Knowl­edge keep­ers


Canadian Geographic - - CONTENTS - BY JOHN BEN­NETT you

AA NEW MAP­PING PROJECT in Clyde River on the east coast of Baf­fin Is­land is bring­ing gen­er­a­tions of Inuit knowl­edge and decades of sci­ence to­gether at the click of a mouse. Clyde River’s It­taq Her­itage and Re­search Cen­tre is cre­at­ing an in­ter­ac­tive on­line at­las with help from the Geo­mat­ics and Car­to­graphic Re­search Cen­tre at Car­leton Univer­sity. The at­las pro­vides easy ac­cess to in­for­ma­tion that was pre­vi­ously hard to find or sim­ply hadn’t been recorded, in­clud­ing sci­en­tific stud­ies from the area and lo­cal knowl­edge about the en­vi­ron­ment and wildlife habi­tat, his­tory and place names. Over the cen­turies, Inuit have over­laid their land and sea ice with thou­sands of place names, most of which do not ap­pear on any map. Know­ing those names can be key to sur­vival in emer­gen­cies such as a snow­mo­bile break­down in an iso­lated spot. “We use GPS and other de­vices,” says Mike Jay­poody, a re­searcher and IT tech­ni­cian at It­taq, “but if they fail, you need to be able to ra­dio your lo­ca­tion to the com­mu­nity. Once they know the name of the place, the ex­perts can tell you where to find shel­ter, where to find game and so on — and they know where to find if you need to be res­cued.” The at­las, which the com­mu­nity will be able to ac­cess in late 2017, shows more than 300 place names in the Clyde River area, and adds more in­for­ma­tion that Jay­poody and his col­league Robert Kau­tuk have col­lected: videos of el­ders talk­ing about the sig­nif­i­cance of places, their im­por­tant fea­tures and what they were used for in the past, as well as pho­tos that younger peo­ple can use to fa­mil­iar­ize them­selves with these points on the land­scape. “The map presents a huge amount of in­for­ma­tion in lay­ers,” says Shari Fox Gear­heard, a ge­og­ra­pher and re­search sci­en­tist with It­taq. “For in­stance, you can click on a nar­whal mi­gra­tion route and then lis­ten to a Clyde River hunter dis­cuss why nar­whals are im­por­tant and how they be­have. Peo­ple in the com­mu­nity will be able to use the in­for­ma­tion in many ways — for plan­ning, ed­u­ca­tion and es­sen­tial back­ground when con­sid­er­ing pro­pos­als for devel­op­ment projects on their land.” The same map­ping sys­tem is now be­ing used in Cam­bridge Bay, Nunavut, and in other Arc­tic Inuit and Alaskan Yupik com­mu­ni­ties. Pond In­let, at the north­ern end of Baf­fin Is­land, is plan­ning a sim­i­lar at­las, and Gear­heard and her col­leagues will be trav­el­ling there to teach peo­ple how to use the tech­nol­ogy. “It­taq is ded­i­cated to Inuit lead­er­ship in re­search — true com­mu­nity-based re­search led and done by the com­mu­nity,” says Gear­heard. “This is cut­tingedge tech­nol­ogy that’s sup­port­ing valu­able Inuit knowl­edge.”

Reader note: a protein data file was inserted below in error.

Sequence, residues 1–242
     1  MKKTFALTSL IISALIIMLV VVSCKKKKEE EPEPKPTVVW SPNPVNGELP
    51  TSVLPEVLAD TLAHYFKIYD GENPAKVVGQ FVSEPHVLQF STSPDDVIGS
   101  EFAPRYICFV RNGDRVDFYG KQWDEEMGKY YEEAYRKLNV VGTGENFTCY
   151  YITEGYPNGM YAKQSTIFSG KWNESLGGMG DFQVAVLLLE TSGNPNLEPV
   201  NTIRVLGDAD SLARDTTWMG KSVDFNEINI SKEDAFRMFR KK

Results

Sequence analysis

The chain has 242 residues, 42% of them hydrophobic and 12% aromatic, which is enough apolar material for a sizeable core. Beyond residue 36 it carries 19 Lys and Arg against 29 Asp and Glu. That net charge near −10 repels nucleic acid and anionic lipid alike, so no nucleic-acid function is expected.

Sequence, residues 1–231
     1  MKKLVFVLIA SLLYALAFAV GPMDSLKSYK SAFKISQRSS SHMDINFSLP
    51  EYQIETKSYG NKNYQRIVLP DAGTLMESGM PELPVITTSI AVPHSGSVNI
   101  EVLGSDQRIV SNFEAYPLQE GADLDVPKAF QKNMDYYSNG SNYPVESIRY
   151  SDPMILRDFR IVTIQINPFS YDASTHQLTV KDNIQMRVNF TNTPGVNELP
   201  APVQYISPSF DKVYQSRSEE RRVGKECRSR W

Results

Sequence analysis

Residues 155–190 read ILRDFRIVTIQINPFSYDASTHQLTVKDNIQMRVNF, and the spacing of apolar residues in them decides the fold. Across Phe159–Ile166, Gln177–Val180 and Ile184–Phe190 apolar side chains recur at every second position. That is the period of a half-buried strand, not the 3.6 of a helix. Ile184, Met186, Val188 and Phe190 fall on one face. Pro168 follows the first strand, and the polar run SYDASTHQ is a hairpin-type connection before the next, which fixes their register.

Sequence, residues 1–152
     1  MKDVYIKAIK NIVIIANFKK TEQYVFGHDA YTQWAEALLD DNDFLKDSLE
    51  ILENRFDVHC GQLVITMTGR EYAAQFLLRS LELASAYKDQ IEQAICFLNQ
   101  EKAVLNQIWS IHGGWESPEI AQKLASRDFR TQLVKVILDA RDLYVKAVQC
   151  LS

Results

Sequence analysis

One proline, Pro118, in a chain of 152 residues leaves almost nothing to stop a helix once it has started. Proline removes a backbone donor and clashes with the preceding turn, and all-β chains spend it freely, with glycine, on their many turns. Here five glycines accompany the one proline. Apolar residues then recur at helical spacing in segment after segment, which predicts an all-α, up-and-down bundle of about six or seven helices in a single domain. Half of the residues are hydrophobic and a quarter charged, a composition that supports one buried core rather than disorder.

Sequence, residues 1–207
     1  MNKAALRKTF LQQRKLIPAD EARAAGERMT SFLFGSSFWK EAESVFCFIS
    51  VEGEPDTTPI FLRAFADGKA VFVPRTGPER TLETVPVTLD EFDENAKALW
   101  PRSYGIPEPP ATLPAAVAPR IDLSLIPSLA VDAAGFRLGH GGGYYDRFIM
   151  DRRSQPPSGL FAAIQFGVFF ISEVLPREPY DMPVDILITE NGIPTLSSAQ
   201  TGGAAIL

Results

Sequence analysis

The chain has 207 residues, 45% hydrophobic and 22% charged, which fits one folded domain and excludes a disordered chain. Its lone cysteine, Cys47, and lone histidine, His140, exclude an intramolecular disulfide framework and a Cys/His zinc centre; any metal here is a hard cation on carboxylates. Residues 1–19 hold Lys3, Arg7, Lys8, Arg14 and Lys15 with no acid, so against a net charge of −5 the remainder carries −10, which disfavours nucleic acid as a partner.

Mike Jay­poody (left) records an in­ter­view on the land with Clyde River elder Aisa Pi­un­gi­tuq, part of in­clud­ing his knowl­edge of re­gional place names in the at­las.

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